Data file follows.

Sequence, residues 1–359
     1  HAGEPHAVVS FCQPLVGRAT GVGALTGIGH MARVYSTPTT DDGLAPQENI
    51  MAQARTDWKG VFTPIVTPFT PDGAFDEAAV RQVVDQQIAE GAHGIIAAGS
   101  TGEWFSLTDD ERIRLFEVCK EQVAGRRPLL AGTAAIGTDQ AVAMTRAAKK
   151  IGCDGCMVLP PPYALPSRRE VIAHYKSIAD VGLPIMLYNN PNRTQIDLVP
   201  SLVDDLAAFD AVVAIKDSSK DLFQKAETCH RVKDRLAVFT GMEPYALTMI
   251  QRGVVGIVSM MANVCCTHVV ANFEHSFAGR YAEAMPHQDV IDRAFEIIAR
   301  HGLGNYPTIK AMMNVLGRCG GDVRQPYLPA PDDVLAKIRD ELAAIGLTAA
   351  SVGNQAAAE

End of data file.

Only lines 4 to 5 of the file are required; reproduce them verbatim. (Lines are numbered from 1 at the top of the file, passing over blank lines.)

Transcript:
   101  TGEWFSLTDD ERIRLFEVCK EQVAGRRPLL AGTAAIGTDQ AVAMTRAAKK
   151  IGCDGCMVLP PPYALPSRRE VIAHYKSIAD VGLPIMLYNN PNRTQIDLVP